GAA warns players to obey law of the land

The GAA has warned its players the law of the land applies everywhere — including on the field of play.

The warning follows a court case where a player got a two-month jail term for punching an opponent and fracturing his jaw.

A spokesman for GAA headquarters said the rule book sets out very specifically how disciplinary matters are dealt with, including a graded ban system for various types of attacks.

“It deals with the actions of individuals and not the severity of injuries received,” he said.

The association would not be running to amend its rule book after every court case involving pitch assaults, he said: “If a player is not happy with how a disciplinary matter is handled by the GAA, it’s his prerogative to pursue the matter through the courts.”

He was reacting to calls by Macroom GAA secretary Pat O’Connell last night for the GAA to do more to deter on-pitch violence following a Macroom District Court case on Wednesday.

Judge James McNulty sentenced Sean O’Sullivan, aged 35, of Riverview Estate, Tower, Blarney, to two months in jail after convicting him of assault causing harm to John Angland, aged 33, of New St, Macroom, during a Mid-Cork Junior A football championship match on May 11 2013.

Blarney player O’Sullivan admitted striking Mr Angland, who was playing for Macroom. He relied upon a defence of justifiable force for protection.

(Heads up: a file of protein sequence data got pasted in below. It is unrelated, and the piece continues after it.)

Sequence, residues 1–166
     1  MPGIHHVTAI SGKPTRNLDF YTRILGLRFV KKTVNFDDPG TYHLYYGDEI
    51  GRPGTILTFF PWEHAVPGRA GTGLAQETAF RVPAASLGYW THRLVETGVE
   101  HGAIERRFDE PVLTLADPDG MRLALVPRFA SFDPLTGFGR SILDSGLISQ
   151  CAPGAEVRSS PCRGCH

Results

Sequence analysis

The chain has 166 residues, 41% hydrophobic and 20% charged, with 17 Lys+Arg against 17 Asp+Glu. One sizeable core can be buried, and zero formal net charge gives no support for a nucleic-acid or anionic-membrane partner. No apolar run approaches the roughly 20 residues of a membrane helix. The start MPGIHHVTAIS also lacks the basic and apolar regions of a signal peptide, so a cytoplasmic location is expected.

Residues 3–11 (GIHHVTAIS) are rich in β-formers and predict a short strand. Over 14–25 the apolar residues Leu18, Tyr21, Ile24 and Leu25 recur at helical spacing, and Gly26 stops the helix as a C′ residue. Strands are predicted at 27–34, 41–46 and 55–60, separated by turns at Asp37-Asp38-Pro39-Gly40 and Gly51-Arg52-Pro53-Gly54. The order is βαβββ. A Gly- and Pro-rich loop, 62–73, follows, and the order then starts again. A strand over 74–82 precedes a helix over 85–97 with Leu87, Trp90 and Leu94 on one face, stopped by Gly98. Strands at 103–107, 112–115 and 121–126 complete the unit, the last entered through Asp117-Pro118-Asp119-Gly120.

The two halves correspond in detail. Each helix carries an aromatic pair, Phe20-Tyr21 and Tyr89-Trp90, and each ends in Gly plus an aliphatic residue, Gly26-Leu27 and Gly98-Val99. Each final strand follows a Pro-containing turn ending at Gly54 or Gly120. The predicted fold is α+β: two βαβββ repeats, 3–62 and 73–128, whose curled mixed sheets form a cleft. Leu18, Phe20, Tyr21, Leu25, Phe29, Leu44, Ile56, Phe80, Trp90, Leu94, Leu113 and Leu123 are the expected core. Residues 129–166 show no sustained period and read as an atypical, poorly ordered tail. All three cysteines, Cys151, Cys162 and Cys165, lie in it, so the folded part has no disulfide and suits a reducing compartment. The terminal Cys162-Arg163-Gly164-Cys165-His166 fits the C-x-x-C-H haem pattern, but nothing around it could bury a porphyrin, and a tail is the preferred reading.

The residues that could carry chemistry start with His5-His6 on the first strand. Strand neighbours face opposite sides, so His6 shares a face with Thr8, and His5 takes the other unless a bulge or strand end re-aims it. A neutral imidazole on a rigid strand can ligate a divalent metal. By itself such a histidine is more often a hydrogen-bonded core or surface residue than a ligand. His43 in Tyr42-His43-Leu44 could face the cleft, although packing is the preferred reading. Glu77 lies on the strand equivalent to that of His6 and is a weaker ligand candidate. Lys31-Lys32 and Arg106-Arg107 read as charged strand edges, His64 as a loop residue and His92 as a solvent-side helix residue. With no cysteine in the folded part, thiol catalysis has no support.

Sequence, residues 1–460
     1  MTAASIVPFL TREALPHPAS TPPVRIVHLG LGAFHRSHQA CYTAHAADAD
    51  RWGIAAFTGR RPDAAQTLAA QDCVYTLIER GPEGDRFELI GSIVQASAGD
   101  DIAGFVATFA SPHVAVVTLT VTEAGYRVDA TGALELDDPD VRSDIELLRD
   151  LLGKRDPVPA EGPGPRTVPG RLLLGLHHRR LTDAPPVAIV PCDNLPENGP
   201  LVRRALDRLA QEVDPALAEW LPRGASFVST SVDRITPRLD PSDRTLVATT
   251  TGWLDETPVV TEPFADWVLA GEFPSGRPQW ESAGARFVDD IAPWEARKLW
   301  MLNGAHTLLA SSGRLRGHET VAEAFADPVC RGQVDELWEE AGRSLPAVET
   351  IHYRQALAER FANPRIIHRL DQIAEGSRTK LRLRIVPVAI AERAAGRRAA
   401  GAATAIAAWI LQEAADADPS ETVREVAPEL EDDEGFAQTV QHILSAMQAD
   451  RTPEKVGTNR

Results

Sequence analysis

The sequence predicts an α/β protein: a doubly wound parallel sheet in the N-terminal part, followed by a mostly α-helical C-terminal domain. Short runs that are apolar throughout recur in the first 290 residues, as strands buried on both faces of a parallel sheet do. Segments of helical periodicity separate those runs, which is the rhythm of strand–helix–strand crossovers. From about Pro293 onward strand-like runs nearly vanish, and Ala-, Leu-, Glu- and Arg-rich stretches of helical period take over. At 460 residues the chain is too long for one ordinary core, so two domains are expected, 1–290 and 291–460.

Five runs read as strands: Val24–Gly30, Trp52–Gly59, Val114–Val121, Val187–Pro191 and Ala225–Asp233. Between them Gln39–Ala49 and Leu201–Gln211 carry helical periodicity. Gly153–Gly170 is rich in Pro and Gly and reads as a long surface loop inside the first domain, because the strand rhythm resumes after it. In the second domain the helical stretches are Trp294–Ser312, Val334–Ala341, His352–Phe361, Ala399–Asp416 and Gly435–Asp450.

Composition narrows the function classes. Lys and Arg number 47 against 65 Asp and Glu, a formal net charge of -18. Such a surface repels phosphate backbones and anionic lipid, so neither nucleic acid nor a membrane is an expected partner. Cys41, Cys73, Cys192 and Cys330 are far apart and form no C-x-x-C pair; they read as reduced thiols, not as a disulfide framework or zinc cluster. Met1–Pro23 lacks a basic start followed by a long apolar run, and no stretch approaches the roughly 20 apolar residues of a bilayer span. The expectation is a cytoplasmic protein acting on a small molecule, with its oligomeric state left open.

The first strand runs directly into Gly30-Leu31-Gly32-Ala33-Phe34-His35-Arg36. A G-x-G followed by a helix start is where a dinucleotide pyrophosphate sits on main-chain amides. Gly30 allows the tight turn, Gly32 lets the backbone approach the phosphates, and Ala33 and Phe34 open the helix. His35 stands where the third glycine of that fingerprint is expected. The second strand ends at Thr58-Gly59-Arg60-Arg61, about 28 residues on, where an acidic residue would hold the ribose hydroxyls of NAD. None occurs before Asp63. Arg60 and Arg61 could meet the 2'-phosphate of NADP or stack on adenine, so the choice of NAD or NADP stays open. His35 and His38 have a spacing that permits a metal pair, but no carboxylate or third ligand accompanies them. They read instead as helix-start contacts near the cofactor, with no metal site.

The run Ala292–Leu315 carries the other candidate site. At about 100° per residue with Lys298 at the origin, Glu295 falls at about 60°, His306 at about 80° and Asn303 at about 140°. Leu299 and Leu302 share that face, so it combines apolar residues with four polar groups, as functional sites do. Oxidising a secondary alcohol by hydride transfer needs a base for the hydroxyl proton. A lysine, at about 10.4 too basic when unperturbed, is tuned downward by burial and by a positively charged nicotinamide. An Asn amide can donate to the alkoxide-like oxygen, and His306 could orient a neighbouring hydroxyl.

O’Sullivan claimed he had feared for his safety after Mr Angland had struck him earlier in the match with what he claimed was a deliberate elbow that cut his scalp.

However, the judge ruled that he did not believe that O’Sullivan could rely on this defence because he was on his way to the sideline to receive treatment from the Blarney team physio for the blood wound to his head, and was moving away from Mr Angland when he turned and punched him.

Mr Angland suffered two fractures to his jaw which required surgery and the insertion of two steel plates. He also suffered damage to two teeth.

O’Sullivan, who was sent off, later received a 12-week ban from the Mid-Cork board. The ban was reduced to eight weeks on appeal after the board learned that he had earlier suffered a head injury in the match.

Mr O’Connell said the jail sentence sends out a strong signal but he said the GAA must do more to deter violent on-pitch assaults.

“Nobody wants to see a fella going to jail but if this happened on the street, gardaí would have been called.

“I’ve seen players assaulted on the pitch before and nothing was done about it. Players just don’t report it afterwards. I’ve seen some fellas out of action for up to nine months afterwards and all the other fella gets is a suspension.”

Judge McNulty said sports organisations have a duty to prevent acts of “savage violence” on playing pitches. If they fail to do so, then the courts will deal firmly with such incidents, he added.

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